In its reply, the Directorate-General for Labour concludes that, on the basis of the wording of paragraph 5 of the sixth additional provision and in accordance with the interpretative guidelines of Article 3(1) of the Civil Code (LA LEYE), the company’s failure to comply with the obligation to maintain the employment.1 of the Civil Code (LA LEY 1/1889), and with regard to the spirit and purpose of the legal provision, whether or not one agrees with the strictness of the measure, it seems that it was the clear intention of the legislator to link the contribution benefits applicable in relation to temporary redundancy plans to the objective of maintaining employment in the company benefiting from them.
Tax deferral for the first quarter
As in the previous year, access to tax deferrals for self-assessments due between 1 and 30 April 2021 has been facilitated.
This deferral may be requested for up to a total of six months, with no interest on late payment for the first three months. In addition, the Treasury will allow the possibility of deferring debts of up to 30,000 euros automatically and without guarantee to be applicable to Personal Income Tax (IRPF) and payments on account, to payments in instalments of Corporation Tax and to VAT. If the amount of these debts, plus the amount already deferred, exceeds 30,000 euros, deferral may be requested up to the total limit of that sum.
Finally, both companies and self-employed professionals with a turnover of less than 6,010,121.04 euros in 2020 will be eligible for this deferral.
Increase in paternity leave to 16 weeks
As of 1 January 2021, paternity leave will be 16 weeks (the same length as maternity leave), of which the first six weeks must be taken after childbirth.
The parent may choose to take the rest of the paternity leave either consecutively or in weekly periods until the newborn child is 12 months old.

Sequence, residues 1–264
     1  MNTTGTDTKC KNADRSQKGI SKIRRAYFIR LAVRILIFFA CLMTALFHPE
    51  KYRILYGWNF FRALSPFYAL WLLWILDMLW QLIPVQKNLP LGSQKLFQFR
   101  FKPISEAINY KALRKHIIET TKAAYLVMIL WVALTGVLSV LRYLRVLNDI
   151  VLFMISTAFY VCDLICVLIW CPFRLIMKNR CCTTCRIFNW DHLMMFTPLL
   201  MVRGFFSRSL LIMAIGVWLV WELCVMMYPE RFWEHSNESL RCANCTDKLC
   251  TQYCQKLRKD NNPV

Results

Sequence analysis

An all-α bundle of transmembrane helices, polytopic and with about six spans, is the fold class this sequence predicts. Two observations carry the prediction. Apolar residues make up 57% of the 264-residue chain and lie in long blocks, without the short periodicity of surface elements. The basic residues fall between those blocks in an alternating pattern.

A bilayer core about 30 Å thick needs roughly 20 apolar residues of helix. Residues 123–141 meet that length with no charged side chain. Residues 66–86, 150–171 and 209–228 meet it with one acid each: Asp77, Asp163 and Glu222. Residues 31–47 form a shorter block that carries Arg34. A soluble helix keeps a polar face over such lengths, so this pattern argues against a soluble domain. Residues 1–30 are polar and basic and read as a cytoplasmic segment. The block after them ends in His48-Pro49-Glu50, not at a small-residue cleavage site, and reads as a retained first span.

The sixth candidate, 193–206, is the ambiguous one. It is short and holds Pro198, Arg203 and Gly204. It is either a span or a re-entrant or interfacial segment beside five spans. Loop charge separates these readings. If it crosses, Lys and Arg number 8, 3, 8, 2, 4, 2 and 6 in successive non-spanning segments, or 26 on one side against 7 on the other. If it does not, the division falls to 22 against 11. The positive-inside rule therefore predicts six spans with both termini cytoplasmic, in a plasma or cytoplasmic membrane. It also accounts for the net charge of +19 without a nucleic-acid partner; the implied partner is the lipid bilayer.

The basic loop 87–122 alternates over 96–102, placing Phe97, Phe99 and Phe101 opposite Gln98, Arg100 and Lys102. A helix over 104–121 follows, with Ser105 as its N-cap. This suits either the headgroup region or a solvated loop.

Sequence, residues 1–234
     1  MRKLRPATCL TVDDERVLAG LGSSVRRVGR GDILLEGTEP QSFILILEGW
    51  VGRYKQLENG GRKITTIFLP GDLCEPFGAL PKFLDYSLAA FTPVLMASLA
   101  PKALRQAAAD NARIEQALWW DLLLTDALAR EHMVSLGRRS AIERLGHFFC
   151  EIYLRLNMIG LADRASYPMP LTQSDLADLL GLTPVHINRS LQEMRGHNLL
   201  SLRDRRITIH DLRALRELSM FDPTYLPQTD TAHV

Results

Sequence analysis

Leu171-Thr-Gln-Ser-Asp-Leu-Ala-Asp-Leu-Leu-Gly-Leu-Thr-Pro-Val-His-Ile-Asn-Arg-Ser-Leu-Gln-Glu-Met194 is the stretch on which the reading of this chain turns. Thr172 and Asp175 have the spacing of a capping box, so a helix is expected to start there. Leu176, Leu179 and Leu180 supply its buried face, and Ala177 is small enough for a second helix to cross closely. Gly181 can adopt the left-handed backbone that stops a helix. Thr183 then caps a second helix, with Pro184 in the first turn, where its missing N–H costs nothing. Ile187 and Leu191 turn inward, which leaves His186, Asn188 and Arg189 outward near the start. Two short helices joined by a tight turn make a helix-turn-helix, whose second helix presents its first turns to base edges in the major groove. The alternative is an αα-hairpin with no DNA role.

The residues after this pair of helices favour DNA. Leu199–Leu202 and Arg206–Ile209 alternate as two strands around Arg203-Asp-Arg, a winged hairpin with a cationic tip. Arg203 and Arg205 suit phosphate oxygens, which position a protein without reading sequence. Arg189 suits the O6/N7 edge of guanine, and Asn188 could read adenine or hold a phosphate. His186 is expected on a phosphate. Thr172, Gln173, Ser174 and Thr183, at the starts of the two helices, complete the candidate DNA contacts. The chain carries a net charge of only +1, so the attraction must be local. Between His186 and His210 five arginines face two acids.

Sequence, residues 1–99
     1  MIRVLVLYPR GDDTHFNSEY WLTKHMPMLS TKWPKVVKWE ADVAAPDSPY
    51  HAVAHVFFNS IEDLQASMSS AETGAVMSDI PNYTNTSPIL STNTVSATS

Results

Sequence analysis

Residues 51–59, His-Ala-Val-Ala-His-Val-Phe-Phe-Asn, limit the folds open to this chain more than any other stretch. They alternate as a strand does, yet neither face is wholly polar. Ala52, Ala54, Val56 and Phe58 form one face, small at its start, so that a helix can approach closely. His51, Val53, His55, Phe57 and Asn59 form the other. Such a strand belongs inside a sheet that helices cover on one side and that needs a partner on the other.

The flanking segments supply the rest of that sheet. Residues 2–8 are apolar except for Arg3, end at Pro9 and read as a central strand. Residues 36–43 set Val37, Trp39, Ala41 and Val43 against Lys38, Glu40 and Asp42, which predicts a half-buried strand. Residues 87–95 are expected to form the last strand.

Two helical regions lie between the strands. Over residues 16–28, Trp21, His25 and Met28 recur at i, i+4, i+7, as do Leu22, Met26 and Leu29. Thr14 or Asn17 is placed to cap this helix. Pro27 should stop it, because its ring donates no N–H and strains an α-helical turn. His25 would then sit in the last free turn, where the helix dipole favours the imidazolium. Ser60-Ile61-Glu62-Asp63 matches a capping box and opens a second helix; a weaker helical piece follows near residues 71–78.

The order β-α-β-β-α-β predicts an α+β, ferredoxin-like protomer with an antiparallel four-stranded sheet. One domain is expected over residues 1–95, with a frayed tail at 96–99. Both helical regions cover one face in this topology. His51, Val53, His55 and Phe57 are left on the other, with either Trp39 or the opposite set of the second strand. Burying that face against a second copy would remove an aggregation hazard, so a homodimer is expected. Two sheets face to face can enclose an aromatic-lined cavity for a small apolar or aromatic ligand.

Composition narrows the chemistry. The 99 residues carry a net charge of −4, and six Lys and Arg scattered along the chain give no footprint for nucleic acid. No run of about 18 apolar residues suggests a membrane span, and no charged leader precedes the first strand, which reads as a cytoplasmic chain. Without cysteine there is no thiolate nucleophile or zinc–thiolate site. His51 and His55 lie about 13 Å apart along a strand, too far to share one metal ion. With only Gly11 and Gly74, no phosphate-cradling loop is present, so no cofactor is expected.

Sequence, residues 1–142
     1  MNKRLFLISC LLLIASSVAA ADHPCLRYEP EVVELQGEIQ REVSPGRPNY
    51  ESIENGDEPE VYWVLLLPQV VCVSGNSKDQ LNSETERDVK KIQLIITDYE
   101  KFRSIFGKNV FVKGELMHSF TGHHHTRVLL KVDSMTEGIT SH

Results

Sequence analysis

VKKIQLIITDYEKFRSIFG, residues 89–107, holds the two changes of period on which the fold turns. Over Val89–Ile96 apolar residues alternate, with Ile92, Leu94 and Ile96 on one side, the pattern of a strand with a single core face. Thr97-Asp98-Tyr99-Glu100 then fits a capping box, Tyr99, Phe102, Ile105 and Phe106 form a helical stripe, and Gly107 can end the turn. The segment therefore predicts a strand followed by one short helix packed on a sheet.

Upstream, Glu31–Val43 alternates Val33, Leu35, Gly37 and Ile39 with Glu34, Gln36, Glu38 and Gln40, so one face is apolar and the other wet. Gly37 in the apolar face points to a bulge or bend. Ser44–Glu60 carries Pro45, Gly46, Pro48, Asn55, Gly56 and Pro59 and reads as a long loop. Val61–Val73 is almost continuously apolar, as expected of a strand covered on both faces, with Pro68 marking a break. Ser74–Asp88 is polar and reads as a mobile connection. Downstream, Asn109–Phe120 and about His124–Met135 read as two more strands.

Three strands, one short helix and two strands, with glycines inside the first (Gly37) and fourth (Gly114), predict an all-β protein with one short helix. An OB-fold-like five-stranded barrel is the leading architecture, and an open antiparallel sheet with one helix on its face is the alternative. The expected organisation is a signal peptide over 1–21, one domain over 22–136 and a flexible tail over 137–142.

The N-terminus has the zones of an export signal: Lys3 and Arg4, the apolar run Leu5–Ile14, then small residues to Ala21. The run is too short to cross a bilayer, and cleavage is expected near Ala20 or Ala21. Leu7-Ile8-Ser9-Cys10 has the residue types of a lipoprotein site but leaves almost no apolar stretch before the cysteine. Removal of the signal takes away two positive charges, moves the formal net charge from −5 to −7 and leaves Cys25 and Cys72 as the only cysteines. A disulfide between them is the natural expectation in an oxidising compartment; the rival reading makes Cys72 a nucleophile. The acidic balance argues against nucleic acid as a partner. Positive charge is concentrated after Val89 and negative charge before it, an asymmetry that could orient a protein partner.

Likewise, and after agreement with the company, the rest of the paternity leave may be taken full time or part time.
It should be remembered that this leave is currently known as childbirth and childcare allowance for both parents and is exempt from taxation.
Bonus and permanence in the company
A Supreme Court ruling [SC 22-10-2020] has declared valid a clause that conditioned the payment of a variable remuneration (bonus) on the employee remaining in the company until the end of the financial year, the date on which the bonus accrual period ended.
In the event of termination due to death, retirement or permanent disability, the clause indicated that the bonus would be paid on a pro rata basis according to the number of days of employment.
Therefore, and always by means of a clause drafted for this purpose, it is presumed that an employee is not entitled to the payment of the agreed variable remuneration if he/she voluntarily leaves before the end of the year (not even to the proportional part of the bonus accrued up to the day of resignation).
However, when the cause of the termination of the employment relationship is not attributable to the employee, the situation changes. Thus, in cases of fair disciplinary dismissal or dismissal declared unfair or dismissal for objective reasons, the bonus accrued up to the last day worked must be paid.
In these cases, the use of a clause such as the one indicated above would be null and void, as the payment would be at the discretion of one of the two parties. In other words, as it is the company that decides to dismiss the worker and, according to the clause, this means saving the variable remuneration, it is considered that this clause is not valid in cases of dismissal.
The Labour Management department of AddVANTE remains at your disposal for further information or to resolve any queries that may arise in relation to this article.